NASA has announced that the next Mars rover — currently codenamed Mars 2020 — will be outfitted with an array of sophisticated, upgraded scientific instruments that will let it delve deeper and farther than Curiosity, with the hope that it will be able to uncover signs of life on Mars. Perhaps even more excitingly, Mars 2020 will also be equipped with a new instrument that can convert the carbon dioxide in Mars’ atmosphere into oxygen — this is of utmost importance if humanity ever colonizes Mars — and another instrument that will gather and store Martian rock samples for eventual return to Earth.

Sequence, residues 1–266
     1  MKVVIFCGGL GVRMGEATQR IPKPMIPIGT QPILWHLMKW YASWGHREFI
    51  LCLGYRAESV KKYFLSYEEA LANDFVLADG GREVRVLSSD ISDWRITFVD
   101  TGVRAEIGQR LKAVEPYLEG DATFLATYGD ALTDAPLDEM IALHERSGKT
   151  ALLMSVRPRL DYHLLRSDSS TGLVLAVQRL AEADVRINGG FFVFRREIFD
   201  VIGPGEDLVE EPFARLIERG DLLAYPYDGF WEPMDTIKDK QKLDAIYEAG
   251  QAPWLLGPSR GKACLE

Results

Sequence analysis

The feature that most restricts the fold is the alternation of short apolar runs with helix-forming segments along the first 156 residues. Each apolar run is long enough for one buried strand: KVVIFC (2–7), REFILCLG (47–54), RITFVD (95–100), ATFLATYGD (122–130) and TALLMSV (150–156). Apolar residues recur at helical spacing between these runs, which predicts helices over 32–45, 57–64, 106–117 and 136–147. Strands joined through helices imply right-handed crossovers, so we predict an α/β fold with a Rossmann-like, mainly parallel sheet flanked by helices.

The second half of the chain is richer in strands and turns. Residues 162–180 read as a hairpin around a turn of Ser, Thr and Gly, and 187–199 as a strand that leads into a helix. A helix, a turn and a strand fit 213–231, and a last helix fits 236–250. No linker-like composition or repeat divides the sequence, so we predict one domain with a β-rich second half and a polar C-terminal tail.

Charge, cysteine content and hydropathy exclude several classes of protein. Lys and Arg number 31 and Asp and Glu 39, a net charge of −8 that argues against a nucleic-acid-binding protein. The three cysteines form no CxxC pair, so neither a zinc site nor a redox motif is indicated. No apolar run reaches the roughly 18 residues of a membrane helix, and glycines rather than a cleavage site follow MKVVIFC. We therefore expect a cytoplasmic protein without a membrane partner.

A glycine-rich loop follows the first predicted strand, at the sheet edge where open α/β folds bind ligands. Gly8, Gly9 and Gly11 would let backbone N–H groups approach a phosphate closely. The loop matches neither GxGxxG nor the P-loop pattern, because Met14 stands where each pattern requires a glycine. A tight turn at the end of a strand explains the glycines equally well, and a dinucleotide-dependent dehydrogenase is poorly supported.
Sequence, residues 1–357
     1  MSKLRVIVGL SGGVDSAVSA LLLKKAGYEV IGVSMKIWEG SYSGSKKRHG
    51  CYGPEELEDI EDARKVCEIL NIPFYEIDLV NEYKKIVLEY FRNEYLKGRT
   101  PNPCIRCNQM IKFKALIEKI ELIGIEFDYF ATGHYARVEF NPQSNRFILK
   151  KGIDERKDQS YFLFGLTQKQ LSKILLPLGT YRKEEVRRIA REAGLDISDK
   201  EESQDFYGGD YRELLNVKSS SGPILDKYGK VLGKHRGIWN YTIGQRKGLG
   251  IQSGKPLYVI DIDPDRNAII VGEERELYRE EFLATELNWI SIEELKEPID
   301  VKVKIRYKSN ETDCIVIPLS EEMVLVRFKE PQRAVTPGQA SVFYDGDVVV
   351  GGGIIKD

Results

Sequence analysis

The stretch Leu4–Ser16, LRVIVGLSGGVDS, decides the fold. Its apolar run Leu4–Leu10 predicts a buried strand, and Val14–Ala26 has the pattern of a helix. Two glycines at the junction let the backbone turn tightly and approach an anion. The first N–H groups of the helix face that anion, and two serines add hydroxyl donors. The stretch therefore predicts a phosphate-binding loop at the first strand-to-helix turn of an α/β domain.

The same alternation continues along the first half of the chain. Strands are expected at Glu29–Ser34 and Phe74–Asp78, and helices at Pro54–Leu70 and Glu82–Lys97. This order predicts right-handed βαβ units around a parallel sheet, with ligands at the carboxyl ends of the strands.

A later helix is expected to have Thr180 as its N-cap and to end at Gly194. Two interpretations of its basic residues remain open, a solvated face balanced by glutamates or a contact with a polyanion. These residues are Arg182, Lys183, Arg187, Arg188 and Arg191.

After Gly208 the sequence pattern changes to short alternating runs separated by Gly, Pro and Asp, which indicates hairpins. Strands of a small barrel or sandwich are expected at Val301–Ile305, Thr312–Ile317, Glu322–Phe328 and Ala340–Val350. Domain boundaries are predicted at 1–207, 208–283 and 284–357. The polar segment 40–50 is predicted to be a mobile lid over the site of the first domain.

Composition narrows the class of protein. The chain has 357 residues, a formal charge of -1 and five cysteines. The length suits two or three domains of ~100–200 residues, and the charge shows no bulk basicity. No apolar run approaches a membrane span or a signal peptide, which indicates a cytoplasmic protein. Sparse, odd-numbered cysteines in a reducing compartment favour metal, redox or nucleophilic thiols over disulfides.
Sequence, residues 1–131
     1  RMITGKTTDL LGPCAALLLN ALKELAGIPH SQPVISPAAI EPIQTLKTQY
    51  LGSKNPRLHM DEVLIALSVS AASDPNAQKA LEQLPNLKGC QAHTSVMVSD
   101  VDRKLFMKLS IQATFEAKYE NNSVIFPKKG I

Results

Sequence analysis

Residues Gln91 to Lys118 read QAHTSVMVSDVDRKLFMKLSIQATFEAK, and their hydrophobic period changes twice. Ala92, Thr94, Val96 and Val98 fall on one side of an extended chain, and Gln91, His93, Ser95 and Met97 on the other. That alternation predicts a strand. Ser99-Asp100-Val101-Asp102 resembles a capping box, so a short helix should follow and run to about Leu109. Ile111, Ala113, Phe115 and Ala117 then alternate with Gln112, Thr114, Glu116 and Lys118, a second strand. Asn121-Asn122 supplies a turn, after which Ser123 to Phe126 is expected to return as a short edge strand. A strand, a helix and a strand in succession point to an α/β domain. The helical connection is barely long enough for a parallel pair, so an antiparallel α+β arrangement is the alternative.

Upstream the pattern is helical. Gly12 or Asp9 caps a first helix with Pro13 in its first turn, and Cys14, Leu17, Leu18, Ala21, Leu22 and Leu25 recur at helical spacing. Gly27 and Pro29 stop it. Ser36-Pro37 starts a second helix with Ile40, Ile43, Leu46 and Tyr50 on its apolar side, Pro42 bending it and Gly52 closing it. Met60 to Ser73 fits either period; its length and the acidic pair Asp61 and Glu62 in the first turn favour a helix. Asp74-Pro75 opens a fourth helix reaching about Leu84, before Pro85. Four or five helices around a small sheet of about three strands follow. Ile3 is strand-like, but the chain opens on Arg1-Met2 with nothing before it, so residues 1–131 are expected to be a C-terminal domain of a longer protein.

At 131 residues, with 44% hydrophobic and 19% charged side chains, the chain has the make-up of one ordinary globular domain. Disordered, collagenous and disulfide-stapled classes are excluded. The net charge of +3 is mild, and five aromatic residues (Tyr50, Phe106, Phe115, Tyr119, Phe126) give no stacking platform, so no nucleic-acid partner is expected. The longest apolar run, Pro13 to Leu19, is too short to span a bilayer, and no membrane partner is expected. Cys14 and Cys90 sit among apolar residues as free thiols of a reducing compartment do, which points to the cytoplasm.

If you haven’t followed the Mars 2020 story, I suggest you read our original story detailing the scientific scope of the mission. In short, though, the Mars 2020 rover — which is targeting a 2020 launch date — will look almost identical to Curiosity and will land on Mars in the same crazy-sky-crane way. The idea is to reduce R&D costs and capitalize on the massive success of Curiosity by using most of the same framework — but landing in a different spot, and equipping the rover with better/different instrumentation.